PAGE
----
My countdown of the 50 best episodes of The Office begins with a look at numbers 50-25. Starting Thursday, a new episode will be unveiled in conjunction with episodes from Season 9. Read the intro to this series here. This will just be a quick list with some quick thoughts on each episode listed. A more coherent format will begin on Thursday with individual selections. Enough yakkity yak yak, on with the list!

List after the jump...

Sunday, September 16, 2012

Goodbye, The Office

Blog Note: It’s been hard tracking down a copy of The Electric Horseman since it’s no longer available on Netflix Instant. The Pollack Retrospective will return shortly once I’ve corralled a copy of the film and can continue on. For the three of you reading it, I haven’t given up on it.

When NBC decided to finally pull the plug on The Office and make this upcoming season its final one, I knew I wanted to do some kind of retrospective on the show. However – as you can no doubt tell with all of these blog “projects” I “do” – I don’t really have the time to go through and do a retrospective proper, so I figure I would fall back on the simple list. Since there are a lot of great episodes of The Office, I figured a top 50 would suffice. So, when the new (and final) season starts up on September 20, I will post an episode per week until the series’ final episode. Look for selections 50-25 to be grouped into one post and then I’ll post each subsequent selection in conjunction with the airdate of the new episodes from the final season.  More thoughts on the series after the jump…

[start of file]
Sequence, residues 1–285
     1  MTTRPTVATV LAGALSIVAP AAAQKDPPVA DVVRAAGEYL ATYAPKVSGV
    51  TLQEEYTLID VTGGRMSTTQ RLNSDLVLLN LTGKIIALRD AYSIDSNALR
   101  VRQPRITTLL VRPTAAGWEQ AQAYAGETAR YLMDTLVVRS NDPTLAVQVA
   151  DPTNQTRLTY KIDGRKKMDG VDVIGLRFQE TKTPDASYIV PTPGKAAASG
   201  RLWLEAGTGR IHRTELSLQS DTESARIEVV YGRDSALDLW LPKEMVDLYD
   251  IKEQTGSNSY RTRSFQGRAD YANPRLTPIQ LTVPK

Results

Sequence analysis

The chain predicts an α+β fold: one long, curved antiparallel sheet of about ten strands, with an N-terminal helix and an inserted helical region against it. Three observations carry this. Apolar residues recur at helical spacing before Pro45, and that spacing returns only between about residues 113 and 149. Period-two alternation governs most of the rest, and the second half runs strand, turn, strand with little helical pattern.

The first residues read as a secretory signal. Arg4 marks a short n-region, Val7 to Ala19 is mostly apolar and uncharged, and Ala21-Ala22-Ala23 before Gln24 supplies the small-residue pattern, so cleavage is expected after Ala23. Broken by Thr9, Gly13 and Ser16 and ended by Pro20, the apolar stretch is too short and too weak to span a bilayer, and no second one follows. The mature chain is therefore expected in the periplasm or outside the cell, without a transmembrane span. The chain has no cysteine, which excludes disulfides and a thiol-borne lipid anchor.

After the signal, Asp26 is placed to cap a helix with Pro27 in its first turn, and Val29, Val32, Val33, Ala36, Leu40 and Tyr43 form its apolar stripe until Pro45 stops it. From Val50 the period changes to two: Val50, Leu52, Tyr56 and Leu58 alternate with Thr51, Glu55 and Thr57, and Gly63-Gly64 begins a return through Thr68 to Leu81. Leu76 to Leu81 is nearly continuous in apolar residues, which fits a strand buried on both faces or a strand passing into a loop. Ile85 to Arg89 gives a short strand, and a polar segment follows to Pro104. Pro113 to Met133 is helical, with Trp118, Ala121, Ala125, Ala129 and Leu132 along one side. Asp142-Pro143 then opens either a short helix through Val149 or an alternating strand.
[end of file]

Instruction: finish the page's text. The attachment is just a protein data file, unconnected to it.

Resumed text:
Monday, September 3, 2012

Sydney Pollack: Bobby Deerfield

We last left this retrospective with one of Pollack’s best and most popular films, Three Days of the Condor, and we now come to one of his least popular and most maligned: Bobby Deerfield. Oh, there is so much to say here, but I suppose I should just get this out of the way right now: I don’t hate this movie. It’s nothing special, contains no memorable moment, has little of Pollack in it other than his languid pacing – and yet I can’t help but admire the film at arm’s length for its earnestness. This is one of the ones that Sydney Pollack loved the most, and it actually shows through quite plainly: Here, behind the camera, is a man that genuinely loves the film he’s making.  It left me with a feeling that is something akin to Jeremiah Johnson, another film I didn’t care all that much for but also appreciated for Pollack’s earnestness behind the camera.